25 July 2011

Meralco acquires 52% share of Subic coal plant

Manila Electric Co. (Meralco), the country’s largest distributor of electrical power, marked its reentry into the power-generation industry on Friday by acquiring a controlling interest in the $1.28-billion coal-fired thermal power-plant project slated for construction at Subic’s Redondo Peninsula.

The power firm, which previously sold to the National Power Corp. all the power plants it had built since it was organized in 1903, successfully forged a deal with AboitizPower and Taiwan Cogeneration Corp. (TCC), the original partners in the Redondo Peninsula Energy Inc. (RP Energy), which has the development rights to develop the 600-megawatt coal-fired power plant.

Under a shareholders’ agreement signed on Friday by the three parties, Meralco’s subsidiary Meralco PowerGen Corp. (MPGC) became the controlling shareholder of RP Energy with 50 percent plus two shares, while AboitizPower subsidiary Therma Power Inc. (TPI) and TCC subsidiary Taiwan Cogeneration International Corp. Philippines (TCIC) held an equal proportion of the remaining shares.

The agreement was signed by MPGC president Oscar Reyes, MPGC executive vice president and general manager Aaron Domingo, TPI president Antonio Moraza, TCIC director Brian Hsu, and RP Energy president Erramon Aboitiz.

Energy Secretary Jose Rene Almendras witnessed the signing at the Lighthouse Marina Resort here.

Meralco’s reentry into power generation, Reyes pointed out, came almost 40 years after Meralco relinquished its power-generation operations and 20 years after power generation was reopened to the private sector amid the crippling power crisis in the late 1980s.

But with the Aboitiz Group and Taiwan Cogeneration Co., Meralco is “making a strong statement and vote of confidence in our country and in our economy and a strong commitment to growth and progress,” Reyes said.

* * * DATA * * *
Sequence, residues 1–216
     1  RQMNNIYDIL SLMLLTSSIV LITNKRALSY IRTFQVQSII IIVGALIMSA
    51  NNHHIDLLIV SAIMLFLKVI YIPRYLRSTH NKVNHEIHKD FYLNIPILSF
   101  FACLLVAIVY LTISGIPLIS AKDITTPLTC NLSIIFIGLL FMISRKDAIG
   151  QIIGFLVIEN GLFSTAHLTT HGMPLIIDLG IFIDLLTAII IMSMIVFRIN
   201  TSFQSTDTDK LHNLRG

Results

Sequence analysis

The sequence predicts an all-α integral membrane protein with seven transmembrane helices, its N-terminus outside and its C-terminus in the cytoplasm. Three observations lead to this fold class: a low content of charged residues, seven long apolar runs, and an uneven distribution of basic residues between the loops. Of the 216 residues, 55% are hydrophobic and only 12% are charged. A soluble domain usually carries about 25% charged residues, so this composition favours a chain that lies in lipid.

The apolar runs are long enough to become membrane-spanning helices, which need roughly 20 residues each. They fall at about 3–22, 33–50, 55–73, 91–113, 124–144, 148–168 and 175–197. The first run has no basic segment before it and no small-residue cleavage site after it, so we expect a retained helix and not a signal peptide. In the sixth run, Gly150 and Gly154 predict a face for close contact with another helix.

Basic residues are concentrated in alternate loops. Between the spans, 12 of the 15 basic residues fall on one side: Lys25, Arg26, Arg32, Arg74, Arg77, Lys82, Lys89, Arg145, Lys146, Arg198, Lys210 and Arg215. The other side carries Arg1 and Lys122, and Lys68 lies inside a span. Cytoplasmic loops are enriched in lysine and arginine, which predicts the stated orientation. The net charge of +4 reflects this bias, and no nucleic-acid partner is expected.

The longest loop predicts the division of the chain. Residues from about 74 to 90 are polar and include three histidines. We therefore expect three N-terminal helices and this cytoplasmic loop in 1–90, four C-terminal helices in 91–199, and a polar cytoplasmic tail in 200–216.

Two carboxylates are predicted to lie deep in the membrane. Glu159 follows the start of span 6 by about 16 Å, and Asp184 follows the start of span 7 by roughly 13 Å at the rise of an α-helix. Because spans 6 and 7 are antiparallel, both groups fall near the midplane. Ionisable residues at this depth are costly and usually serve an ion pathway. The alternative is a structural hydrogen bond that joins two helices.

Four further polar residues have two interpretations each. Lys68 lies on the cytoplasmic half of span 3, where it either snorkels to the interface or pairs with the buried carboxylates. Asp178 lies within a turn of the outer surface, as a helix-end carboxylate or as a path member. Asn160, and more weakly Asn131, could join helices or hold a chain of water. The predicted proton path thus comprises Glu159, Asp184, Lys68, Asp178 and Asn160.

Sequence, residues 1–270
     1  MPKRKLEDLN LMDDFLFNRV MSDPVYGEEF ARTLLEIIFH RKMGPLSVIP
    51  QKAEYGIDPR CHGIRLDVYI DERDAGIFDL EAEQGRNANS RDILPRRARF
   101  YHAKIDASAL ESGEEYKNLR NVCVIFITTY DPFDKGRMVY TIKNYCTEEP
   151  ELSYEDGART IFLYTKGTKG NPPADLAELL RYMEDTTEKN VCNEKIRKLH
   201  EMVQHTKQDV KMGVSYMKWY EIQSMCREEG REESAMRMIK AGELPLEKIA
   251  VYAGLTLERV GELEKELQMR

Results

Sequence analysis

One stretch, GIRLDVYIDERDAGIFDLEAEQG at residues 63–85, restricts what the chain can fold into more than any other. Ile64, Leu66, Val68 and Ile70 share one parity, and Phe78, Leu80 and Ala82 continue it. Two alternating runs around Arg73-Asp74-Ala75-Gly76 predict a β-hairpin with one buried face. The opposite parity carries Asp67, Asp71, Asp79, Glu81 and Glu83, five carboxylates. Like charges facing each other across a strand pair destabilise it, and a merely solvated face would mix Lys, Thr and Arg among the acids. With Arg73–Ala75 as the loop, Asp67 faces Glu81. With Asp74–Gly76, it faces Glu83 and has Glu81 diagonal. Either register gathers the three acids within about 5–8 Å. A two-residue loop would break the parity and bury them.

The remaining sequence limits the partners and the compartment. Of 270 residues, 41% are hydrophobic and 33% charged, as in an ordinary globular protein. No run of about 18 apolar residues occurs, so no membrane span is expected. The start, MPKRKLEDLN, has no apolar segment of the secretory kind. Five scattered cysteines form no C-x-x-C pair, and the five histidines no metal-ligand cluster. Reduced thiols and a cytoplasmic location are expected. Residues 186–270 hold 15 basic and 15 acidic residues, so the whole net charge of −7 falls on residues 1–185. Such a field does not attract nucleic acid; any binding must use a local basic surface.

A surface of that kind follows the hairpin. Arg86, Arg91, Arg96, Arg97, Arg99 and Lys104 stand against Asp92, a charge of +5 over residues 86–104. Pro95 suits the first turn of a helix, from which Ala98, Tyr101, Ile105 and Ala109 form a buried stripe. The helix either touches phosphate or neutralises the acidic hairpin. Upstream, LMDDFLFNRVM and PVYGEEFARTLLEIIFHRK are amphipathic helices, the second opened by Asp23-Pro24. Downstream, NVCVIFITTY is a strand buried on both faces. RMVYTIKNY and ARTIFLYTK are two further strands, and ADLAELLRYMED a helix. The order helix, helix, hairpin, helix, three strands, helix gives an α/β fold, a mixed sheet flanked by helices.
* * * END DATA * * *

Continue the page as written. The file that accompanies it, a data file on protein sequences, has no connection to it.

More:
He added that Meralco is “well-positioned” and aims “to be part of an integrated solution” in meeting the crucial need for new technologically-advanced and cost-efficient generation capacity.

Reyes also extolled Subic both as a “major investment destination and a strategic site for business” and an important player in the energy industry by hosting the strategic 5-million barrel Subic-Clark liquid fuel-storage depot.

“With RP Energy’s 2x300 megawatt power facility, the [Subic Bay Freeport] Zone will again play a strategic role in helping meet 8 percent of the entire Luzon grid’s power needs,” he said.

The Meralco official stated that the Subic power project would need the continuing full support and goodwill of the Department of Energy, the national and the local governments, the Subic Bay Metropolitan Authority as well as local communities.

Erramon Aboitiz, meanwhile, reaffirmed RP energy’s commitment in providing competitively-priced power without damaging the environment.

He stressed that the proponents have specified the use of circulating fluidized bed boilers in the power plant. This kind of boiler removes sulfur oxide and controls the burning temperature of the coal to prevent the formation of nitrous oxides, lower air emissions, and make the plant environment-friendly, he said.

Aboitiz also cited the advantages of taking in MPGC as a partner.

“Being the country’s largest utility serving the equivalent of more than half the nation’s GDP [gross domestic product], Meralco is without a doubt the ideal conduit to deliver the cost advantage of RP Energy to as many households and businesses as possible,” he said.

The Subic coal-fired thermal power project is projected to be completed with a total budget of $1.28 billion. It will consist of two 300-megawatt units that will be constructed in two phases.

The first unit is expected to be commercially operational by the first quarter of 2015, while the second unit is expected to be completed by the second quarter of the same year. (Henry Empeño w/ Paul Anthony Isla, Business Mirror)